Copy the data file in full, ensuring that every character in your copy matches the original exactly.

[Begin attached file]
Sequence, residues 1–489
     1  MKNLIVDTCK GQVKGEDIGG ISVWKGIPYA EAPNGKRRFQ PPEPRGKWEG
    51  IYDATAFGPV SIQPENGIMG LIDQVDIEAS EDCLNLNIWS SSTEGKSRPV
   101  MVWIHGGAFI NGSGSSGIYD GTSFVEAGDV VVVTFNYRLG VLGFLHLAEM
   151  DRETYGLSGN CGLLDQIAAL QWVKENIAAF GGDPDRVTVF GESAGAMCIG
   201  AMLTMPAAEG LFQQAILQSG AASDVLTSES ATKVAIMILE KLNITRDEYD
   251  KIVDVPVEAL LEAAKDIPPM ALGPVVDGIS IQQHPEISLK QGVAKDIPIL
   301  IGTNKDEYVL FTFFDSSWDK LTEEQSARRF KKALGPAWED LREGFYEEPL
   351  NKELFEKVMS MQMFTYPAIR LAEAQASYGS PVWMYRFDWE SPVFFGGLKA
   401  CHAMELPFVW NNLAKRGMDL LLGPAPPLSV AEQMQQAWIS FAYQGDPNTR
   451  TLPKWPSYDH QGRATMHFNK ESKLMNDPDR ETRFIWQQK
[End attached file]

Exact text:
Sequence, residues 1–489
     1  MKNLIVDTCK GQVKGEDIGG ISVWKGIPYA EAPNGKRRFQ PPEPRGKWEG
    51  IYDATAFGPV SIQPENGIMG LIDQVDIEAS EDCLNLNIWS SSTEGKSRPV
   101  MVWIHGGAFI NGSGSSGIYD GTSFVEAGDV VVVTFNYRLG VLGFLHLAEM
   151  DRETYGLSGN CGLLDQIAAL QWVKENIAAF GGDPDRVTVF GESAGAMCIG
   201  AMLTMPAAEG LFQQAILQSG AASDVLTSES ATKVAIMILE KLNITRDEYD
   251  KIVDVPVEAL LEAAKDIPPM ALGPVVDGIS IQQHPEISLK QGVAKDIPIL
   301  IGTNKDEYVL FTFFDSSWDK LTEEQSARRF KKALGPAWED LREGFYEEPL
   351  NKELFEKVMS MQMFTYPAIR LAEAQASYGS PVWMYRFDWE SPVFFGGLKA
   401  CHAMELPFVW NNLAKRGMDL LLGPAPPLSV AEQMQQAWIS FAYQGDPNTR
   451  TLPKWPSYDH QGRATMHFNK ESKLMNDPDR ETRFIWQQK